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Chemists solve olefin hydration challenge

Researchers develop green catalytic method with anti-Markovnikov selectivity for converting olefins to alcohols

by Stephen K. Ritter
February 6, 2017 | A version of this story appeared in Volume 95, Issue 6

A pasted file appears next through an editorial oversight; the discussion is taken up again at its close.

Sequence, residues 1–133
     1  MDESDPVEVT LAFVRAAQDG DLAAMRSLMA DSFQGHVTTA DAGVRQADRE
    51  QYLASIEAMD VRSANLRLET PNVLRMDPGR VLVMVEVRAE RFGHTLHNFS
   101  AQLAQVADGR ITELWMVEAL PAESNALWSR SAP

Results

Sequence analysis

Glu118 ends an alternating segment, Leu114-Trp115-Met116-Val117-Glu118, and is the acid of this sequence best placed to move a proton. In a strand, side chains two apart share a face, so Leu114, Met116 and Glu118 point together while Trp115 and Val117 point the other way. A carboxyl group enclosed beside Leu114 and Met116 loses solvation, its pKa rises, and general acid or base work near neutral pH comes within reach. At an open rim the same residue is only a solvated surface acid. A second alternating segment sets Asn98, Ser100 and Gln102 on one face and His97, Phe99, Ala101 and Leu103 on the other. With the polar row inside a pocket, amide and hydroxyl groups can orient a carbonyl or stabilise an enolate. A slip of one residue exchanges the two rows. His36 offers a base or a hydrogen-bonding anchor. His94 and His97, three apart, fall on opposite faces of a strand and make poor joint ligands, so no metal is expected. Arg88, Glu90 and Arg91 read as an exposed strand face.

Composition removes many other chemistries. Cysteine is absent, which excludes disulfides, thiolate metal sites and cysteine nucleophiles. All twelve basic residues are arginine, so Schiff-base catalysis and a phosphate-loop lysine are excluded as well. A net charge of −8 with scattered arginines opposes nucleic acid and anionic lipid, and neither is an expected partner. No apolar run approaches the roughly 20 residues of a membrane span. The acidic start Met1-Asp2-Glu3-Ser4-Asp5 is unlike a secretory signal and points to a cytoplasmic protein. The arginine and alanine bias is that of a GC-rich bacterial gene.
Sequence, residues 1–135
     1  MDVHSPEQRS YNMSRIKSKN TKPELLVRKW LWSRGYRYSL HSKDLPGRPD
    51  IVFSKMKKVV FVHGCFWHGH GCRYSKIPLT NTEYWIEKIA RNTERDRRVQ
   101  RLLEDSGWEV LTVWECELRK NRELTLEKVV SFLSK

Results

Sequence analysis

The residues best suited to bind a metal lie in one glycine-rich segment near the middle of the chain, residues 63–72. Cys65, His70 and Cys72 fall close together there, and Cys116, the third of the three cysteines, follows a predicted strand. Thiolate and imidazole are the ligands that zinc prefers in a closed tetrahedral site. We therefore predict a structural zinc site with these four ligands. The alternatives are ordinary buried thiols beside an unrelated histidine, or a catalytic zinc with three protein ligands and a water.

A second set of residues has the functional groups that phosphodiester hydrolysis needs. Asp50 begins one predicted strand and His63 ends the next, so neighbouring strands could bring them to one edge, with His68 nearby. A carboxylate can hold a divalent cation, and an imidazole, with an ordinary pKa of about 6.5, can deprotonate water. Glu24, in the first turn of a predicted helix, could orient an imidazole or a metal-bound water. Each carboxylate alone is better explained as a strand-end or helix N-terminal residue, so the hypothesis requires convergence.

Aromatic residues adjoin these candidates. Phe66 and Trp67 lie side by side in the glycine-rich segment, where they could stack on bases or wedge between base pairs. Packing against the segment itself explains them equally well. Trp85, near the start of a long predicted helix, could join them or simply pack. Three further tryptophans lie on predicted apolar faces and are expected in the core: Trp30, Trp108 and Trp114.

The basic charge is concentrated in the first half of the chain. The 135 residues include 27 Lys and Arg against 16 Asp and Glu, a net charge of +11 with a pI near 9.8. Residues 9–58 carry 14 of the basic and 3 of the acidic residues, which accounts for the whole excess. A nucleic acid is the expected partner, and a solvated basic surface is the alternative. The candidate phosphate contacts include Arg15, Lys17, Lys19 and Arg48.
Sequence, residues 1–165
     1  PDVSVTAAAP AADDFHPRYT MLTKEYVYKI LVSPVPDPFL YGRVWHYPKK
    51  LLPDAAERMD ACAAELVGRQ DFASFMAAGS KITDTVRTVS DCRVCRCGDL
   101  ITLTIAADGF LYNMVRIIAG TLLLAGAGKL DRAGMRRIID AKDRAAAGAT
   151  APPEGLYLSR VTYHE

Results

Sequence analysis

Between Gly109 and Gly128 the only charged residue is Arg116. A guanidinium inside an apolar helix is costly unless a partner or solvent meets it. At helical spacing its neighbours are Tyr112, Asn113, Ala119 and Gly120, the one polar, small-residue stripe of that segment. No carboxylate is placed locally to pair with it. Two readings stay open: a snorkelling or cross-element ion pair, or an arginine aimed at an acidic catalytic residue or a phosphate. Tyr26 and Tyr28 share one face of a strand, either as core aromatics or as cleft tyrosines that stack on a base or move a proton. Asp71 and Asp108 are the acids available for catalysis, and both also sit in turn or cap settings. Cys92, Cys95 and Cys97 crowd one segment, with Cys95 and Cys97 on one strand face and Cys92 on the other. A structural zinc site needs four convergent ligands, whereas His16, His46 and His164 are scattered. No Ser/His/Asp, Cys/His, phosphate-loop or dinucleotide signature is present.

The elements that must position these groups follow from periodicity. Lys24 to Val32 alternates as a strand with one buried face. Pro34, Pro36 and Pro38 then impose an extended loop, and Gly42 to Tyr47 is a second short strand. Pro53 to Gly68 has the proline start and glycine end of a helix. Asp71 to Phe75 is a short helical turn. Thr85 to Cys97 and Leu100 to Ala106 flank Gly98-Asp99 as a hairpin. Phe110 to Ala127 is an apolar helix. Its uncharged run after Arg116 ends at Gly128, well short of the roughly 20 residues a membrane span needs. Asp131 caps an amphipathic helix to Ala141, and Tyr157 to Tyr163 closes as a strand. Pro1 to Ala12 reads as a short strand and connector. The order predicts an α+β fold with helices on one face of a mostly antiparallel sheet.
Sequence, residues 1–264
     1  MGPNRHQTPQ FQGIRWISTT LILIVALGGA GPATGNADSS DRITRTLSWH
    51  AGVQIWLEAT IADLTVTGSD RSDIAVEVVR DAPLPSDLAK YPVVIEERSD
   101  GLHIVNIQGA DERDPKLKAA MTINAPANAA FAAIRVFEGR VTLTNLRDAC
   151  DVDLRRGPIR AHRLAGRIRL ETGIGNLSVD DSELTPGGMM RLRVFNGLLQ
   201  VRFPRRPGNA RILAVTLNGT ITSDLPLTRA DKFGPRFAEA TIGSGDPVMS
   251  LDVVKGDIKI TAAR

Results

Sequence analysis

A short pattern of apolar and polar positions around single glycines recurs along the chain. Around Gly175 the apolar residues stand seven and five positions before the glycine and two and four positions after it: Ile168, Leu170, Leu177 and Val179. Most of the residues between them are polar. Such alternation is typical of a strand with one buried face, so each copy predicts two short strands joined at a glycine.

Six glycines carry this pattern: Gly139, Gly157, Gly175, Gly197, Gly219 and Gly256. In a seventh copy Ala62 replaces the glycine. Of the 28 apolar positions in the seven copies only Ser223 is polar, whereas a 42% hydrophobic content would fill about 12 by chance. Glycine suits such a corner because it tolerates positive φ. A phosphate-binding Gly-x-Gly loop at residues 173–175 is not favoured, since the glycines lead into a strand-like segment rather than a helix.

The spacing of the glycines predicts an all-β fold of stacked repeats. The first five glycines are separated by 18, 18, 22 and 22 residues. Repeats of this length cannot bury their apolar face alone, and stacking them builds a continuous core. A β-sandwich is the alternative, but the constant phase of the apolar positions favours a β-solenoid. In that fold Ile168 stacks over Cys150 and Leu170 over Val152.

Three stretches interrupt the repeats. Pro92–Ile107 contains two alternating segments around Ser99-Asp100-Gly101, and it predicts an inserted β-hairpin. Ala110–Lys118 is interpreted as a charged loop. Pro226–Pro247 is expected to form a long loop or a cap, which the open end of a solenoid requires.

Building on recent developments in photoredox chemistry, a team led by Aiwen Lei of Wuhan University has found a new solution to one of chemistry’s long-standing synthetic challenges: the catalytic anti-Markovnikov hydration of olefins (ACS Catal. 2017, DOI: 10.1021/acscatal.6b03388). Direct addition of water to olefins to make alcohols is a well-developed industrial chemical reaction. For most olefins, this hydration process involves using an acid catalyst, such as sulfuric or phosphoric acid, and follows Markovnikov’s rule, in which the hydroxyl group bonds to the double-bond carbon that has the greater number of carbon–carbon bonds. For terminal olefins, the process produces secondary alcohols. The anti-Markovnikov hydration of olefins, in which the selectivity is reversed and the hydroxyl group bonds to the carbon on the other end of the double bond, converts terminal olefins to primary alcohols. But catalytic anti-Markovnikov olefin hydration is not straightforward; it requires indirect hydro­boration/oxidation with borane reagents and peroxides or precious-metal catalysts. Those approaches can be costly, generate significant waste, or are hazardous on a large scale. Lei and coworkers found that a mesityl-substituted methylacridinum photocatalyst in conjunction with diphenyl disulfide as a hydrogen-transfer catalyst avoids those problems and delivers high yields of a variety of aliphatic and aromatic alcohols from terminal and internal olefins on a gram scale.


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